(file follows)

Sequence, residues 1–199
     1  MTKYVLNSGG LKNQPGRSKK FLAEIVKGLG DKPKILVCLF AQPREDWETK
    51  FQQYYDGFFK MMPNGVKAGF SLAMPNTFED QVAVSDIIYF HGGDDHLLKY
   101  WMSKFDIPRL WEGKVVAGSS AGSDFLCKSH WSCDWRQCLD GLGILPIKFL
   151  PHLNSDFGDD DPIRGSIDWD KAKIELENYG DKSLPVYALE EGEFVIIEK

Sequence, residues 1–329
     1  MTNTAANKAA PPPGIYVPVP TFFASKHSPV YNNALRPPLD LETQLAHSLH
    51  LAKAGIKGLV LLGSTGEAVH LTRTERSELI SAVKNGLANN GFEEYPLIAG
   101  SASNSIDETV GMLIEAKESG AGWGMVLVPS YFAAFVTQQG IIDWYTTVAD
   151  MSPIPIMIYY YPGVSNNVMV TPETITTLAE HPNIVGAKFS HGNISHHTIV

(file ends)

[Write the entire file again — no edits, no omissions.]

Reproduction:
Sequence, residues 1–199
     1  MTKYVLNSGG LKNQPGRSKK FLAEIVKGLG DKPKILVCLF AQPREDWETK
    51  FQQYYDGFFK MMPNGVKAGF SLAMPNTFED QVAVSDIIYF HGGDDHLLKY
   101  WMSKFDIPRL WEGKVVAGSS AGSDFLCKSH WSCDWRQCLD GLGILPIKFL
   151  PHLNSDFGDD DPIRGSIDWD KAKIELENYG DKSLPVYALE EGEFVIIEK

Sequence, residues 1–329
     1  MTNTAANKAA PPPGIYVPVP TFFASKHSPV YNNALRPPLD LETQLAHSLH
    51  LAKAGIKGLV LLGSTGEAVH LTRTERSELI SAVKNGLANN GFEEYPLIAG
   101  SASNSIDETV GMLIEAKESG AGWGMVLVPS YFAAFVTQQG IIDWYTTVAD
   151  MSPIPIMIYY YPGVSNNVMV TPETITTLAE HPNIVGAKFS HGNISHHTIV